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February 5, 2010     Post-Gazette
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February 5, 2010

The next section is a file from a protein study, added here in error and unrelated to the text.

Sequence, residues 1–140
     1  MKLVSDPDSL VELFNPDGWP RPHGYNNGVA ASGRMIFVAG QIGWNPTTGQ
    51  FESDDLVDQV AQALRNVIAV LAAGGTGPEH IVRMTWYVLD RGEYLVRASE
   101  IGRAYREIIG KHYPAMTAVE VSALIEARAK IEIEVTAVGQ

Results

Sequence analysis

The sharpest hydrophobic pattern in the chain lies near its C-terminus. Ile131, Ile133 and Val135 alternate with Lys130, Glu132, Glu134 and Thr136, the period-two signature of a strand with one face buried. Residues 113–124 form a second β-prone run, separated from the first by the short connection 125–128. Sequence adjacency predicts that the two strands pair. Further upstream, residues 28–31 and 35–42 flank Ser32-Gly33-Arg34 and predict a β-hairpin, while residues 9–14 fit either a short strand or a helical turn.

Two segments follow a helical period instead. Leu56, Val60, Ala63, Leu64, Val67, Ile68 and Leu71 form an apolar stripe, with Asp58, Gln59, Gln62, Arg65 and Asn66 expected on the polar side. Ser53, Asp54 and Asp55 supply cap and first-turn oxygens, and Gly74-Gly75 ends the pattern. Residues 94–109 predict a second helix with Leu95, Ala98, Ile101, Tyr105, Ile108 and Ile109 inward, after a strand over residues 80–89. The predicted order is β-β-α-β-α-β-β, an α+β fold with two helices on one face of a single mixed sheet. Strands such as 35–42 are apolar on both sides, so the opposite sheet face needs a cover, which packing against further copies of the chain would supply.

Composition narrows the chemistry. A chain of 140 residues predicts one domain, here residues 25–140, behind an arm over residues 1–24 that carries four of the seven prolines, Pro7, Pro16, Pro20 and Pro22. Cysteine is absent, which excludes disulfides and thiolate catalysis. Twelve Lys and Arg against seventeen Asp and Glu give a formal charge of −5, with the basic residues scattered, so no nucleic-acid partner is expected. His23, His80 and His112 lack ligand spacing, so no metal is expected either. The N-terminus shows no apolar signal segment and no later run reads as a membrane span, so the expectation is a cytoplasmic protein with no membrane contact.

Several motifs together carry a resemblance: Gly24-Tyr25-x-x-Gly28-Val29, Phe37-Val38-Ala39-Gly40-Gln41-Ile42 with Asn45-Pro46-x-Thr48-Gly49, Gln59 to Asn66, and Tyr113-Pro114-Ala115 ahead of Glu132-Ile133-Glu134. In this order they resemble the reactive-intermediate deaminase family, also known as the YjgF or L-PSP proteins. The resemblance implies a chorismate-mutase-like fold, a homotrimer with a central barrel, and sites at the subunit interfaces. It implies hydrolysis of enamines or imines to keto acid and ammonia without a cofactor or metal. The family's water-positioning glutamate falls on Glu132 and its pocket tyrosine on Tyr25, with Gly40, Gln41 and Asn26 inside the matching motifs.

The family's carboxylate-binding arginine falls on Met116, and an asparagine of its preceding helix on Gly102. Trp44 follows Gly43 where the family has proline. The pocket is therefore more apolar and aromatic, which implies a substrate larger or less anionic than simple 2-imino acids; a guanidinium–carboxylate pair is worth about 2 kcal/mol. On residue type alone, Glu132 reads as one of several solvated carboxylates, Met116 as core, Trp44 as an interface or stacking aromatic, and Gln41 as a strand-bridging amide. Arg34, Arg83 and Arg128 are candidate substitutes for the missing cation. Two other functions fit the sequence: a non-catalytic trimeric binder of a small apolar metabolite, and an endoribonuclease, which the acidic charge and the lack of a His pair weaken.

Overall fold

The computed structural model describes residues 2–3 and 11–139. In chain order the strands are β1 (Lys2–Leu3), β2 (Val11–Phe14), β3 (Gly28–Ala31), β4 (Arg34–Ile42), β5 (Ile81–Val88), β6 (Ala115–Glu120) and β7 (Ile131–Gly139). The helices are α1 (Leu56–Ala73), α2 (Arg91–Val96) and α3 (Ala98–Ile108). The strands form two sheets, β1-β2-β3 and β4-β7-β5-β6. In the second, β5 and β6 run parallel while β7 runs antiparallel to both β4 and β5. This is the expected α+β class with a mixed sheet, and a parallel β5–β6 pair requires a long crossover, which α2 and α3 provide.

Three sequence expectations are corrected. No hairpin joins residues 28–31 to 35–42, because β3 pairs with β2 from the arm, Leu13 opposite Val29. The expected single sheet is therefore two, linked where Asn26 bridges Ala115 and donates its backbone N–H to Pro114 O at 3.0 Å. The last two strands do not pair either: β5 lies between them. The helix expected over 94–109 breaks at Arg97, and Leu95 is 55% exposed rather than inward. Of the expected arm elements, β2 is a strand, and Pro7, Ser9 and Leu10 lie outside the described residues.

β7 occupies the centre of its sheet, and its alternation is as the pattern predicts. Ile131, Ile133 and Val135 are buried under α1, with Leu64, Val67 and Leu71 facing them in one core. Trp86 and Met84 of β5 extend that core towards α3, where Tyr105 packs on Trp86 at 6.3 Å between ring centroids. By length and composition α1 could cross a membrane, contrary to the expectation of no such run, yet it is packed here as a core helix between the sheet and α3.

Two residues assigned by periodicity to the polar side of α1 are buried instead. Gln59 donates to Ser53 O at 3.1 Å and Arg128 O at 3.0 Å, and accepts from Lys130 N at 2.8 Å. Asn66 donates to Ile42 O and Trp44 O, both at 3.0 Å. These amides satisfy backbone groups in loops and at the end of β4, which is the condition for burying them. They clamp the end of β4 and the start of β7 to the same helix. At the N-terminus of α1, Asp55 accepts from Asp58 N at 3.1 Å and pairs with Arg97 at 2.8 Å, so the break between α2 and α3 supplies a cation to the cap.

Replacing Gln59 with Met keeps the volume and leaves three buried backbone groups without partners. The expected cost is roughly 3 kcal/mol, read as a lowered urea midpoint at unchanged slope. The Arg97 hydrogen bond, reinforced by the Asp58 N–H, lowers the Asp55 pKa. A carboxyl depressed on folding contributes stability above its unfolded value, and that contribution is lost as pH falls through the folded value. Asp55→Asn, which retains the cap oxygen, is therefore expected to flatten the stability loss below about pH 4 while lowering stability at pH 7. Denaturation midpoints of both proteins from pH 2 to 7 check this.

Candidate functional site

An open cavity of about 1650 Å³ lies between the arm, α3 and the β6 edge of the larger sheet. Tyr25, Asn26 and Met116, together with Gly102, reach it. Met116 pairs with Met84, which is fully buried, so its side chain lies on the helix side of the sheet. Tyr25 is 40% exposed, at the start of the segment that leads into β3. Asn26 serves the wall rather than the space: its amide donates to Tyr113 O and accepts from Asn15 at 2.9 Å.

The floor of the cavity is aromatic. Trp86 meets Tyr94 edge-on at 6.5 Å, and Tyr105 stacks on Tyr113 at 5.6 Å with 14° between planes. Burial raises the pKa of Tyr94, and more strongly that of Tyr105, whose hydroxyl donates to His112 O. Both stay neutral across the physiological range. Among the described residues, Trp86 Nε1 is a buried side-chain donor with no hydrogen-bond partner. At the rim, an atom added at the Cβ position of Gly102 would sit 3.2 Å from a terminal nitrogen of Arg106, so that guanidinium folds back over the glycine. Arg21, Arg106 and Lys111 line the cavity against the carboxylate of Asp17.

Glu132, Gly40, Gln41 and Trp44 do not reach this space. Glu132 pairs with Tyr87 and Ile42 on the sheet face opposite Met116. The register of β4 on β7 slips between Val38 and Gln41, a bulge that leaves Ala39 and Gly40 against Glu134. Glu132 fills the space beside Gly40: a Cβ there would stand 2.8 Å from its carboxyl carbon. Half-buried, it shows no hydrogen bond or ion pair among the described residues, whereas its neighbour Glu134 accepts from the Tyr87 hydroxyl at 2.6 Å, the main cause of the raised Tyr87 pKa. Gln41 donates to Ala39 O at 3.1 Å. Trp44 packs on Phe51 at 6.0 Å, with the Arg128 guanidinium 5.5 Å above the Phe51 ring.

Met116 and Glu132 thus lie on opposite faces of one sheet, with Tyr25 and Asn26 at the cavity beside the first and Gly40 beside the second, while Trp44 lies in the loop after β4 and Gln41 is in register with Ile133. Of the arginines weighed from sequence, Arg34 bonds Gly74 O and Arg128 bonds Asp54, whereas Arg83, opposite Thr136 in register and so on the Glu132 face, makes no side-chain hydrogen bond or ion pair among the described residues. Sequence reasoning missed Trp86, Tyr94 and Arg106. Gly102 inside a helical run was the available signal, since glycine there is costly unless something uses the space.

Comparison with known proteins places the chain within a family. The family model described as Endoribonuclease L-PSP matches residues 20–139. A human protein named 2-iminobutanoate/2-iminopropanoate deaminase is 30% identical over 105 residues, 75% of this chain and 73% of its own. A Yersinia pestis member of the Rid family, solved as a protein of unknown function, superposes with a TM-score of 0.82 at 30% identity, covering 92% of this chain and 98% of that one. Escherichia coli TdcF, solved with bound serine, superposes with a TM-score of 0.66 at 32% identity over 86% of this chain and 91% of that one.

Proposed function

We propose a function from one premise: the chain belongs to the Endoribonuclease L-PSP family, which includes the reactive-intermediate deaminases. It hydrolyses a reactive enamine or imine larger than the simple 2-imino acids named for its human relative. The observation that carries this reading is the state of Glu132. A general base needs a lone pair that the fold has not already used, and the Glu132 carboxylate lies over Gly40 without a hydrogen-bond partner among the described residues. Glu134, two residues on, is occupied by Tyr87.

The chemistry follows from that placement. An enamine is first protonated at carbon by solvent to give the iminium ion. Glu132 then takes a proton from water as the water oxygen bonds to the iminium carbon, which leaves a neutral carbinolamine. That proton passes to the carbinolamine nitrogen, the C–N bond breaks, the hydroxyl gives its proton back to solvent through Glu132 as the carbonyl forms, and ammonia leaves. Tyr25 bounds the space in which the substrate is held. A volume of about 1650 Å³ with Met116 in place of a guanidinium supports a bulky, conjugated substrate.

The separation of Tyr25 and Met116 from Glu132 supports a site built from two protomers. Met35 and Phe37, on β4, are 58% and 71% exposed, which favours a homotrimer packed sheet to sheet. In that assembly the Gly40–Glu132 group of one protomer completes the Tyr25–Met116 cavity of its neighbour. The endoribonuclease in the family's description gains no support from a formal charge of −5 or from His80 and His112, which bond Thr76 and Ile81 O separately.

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POST-GAZETTE, FEBRUARY 5, 2010 Page 5 BOOK REVIEW THE FENCE A Police Cover-Up Along Boston's Racial Divide by Dick Lehr Hard Cover This exciting incredulous true story will grab you by the throat and will not let you go easily. There are times while you are reading this sad tale that you may wish you had never started to read this unbelievable story of police brutality and justice gone awry. Nonetheless, once you have begun reading you know you must see it through, knowing full well the story will never leave you. A leading protagonist of this story is Mike Cox a black man whose boy hood home was in Roxbury. He was con- sidered to be a quiet and capable athlete ultimately developing into an impres- sive good-sized man. Mike was well liked, and bright, someone who had distin- guished himself as the class flirt. Mike attended schools that were mainly white. "In many ways, he was color- blind. It was the way he was brought up, he said." The next leading protagonist was South Boston's Kenny Conley a good sized white man who, like Mike, planned to become a Boston policeman. Lehr describes Conley, as fol- lows: "a hardworking unpre- tentious kid without a shred of guile." Mike's home was a mere 3.8 miles from where Conley lived. Although rela- tively close-".., the two neigh- borhoods were a world apart." Southie was overwhelm- ingly white and Irish." It was the 70s when both Cox and Conley were attending high school-it was a confronta- tional time when blacks and whites were exploring their differences. It was a difficult time for both parents and stu- dents. Lehr explains, "it was an unusually bitter and vio- lent period that stereotyped the neighborhood forever in the minds of people and throughout the nation as a place where beer-bellied men and foul-mouthed woman made war on defenseless black children." Mike Cox began his long sought career as a Boston police officer on Feb. 27, 1989. Kenny Conley's dream also came true as he became a Boston police officer on December 5, 1987. It seemed apparent that both men had the making of being good police officers. Faith however played a powerful role in their lives. It was the 1990s, the Bos- ton Police Department was being corrupted by fabricated sources to secure court- approved warrants, followed by many months of black's civil rights violation. It was during these tragic conse- quences that both Mike and Kenny, as neophyte police 383 Pages * Published by Harper Collins The Fence author Dick Lehr officers, were trying to find their footing. Lehr explains what the "blue wall" meant, that de- spite, "a plethora of evidence that these officers lived by a code which they will not testify against another of- ricer." I suspect in the midst of all this obvious corruption there are many innocent law abiding police officers who tread the line hardly ever receiving acclimation for their efforts. There are times while you are reading this sad tale that you may wish you had never started to read this unbelievable story of police brutality and justice gone awry. One of the local boys, Lyle Jackson was shot at a local hangout. What followed was a high powered chase that ended at "THE FENCE," This was the infamous location that all the local hoods and others would race to when in trouble and slip through a hole in the chain-link fence, to avoid the pursuing police. Every cop within radio range frenetically raced toward the described scene to get in- volved in the action, The scene increased in intensity because the second 911 call mistakenly noted a police- man was down. Reading this exciting, explosive car chase that included more than twenty plummeting cruisers made me wonder was this conglomerate necessary? Once Cox reached the fence and was contemplating his next move he was hit from behind by a devastating blow. Cox turned and was struck once again. "His head ex- ploded, and he could not see." He saw a puzzling image. "It was a cop, a white cop." Blows to his head and boots to his face rained on him. He was taken to the Boston City Hos- pital where his extensive and severe injuries were being examined and repaired. "... a Boston police officer's expec- tation for justice was about to collide with the police cul- ture of silence." It appears that egos plus placing blame on culprit of- ficers for Mike's injuries, was to be decided by the pow- ers to be, it was more conve- nient to note that Mike's in- juries were caused when Mike had slipped on the ice. This foible was declared to protect one another rather than admit that fellow offic- ers had beaten Mike, a col- ored officer. Mike's condition proved beyond any doubt that he had been hit by a "blunt object." "No amount of wish- ful thinking or deceitful thinking could turn an ice patch into the culprit." Upon the insistence of his family Mike finally hires an attor- ney, Stephen Roach. Mike was disoriented and dizzy. In five months he had visited thirty doctors. During the lengthy investigation the so-called "Blue wall of silence" was prevalent and durable. Bob Peabody, the assistant district attorney was heading the criminal investigation. After a year of investigation he states emphatically, "that he was spinning his wheels." Fi- nally, Mike Cox undaunted, frustrated, and confused, "... sued his fel- low cops, his police depart- ment, and his city. He said his civil rights were Violated when Boston police officers, repeat- edly beat and kicked him until he blacked out ..." This was a daring move on the part of Mike. Kenny Conley was caught in a trap. He testified con- tinually that although he was near the fallen Cox he did not see him. Hardly anyone believed him. Psychiatrists believed Conley was suffering from what they called "tun- nel vision". Nonetheless, Conley was convicted of perjury. Reporters were told by Conley, "that I had noth- ing to do with it and ff I could have helped him I would have." "They'd become the odd couple. One from Roxbury, the other from Southie." Author Lehr avers correctly that the disparity between these two cops was less about them and more about their neighborhoods. Understandably, police commissioner Evans had difficulty explaining the plac- ing of three involved police officers, Burglo, Williams, and Daley just before Mike's trial on administrative leave. This questionable decision was made nearly four years after Cox's beating. The trial begins and Steve Roach, Cox's attorney faces the jury tells them in posi- tive workmanlike fashion that on January 25, 1995 of- ricer Williams hit Mike from behind, officer Burgio kicked him in the face, and Daley got in some licks as well. When the trio walked away from the beaten Cox, the ex- treme cover up began. The (Continued on Page 12) BARBARA WALTERS at Kowloon Restaurant for SI ;OTT BROWN'S Citizens' Thank You Tour (Photo by Lisa Cappuccio) Barbara Waiters, on the beat for a story with Scott Brown, came all the way to the Kowloon Restaurant in Saugus, on January 30, 2010 for the interview. It was wild excitement as media from around the nation filled the Kowloon Restaurant for the Scott Brown's Citizens' Thank You Tour. Thousands of people attended the free event at the North Shore landmark restaurant owned by the Wong Family. Along with media maven Walters, CNN's Cambell Brown was in the house. Comedian Steve Sweeney and 96.9 FM's talker Michele McPhee opened the show for Massachusetts' Senator Scott Brown. The scheduled Kowloon stop, part of a state wide thank you tour, started at lpm. Brown signed autographs, posed for photos, and squeezed palms with everyone. Bistro * Beer * Wine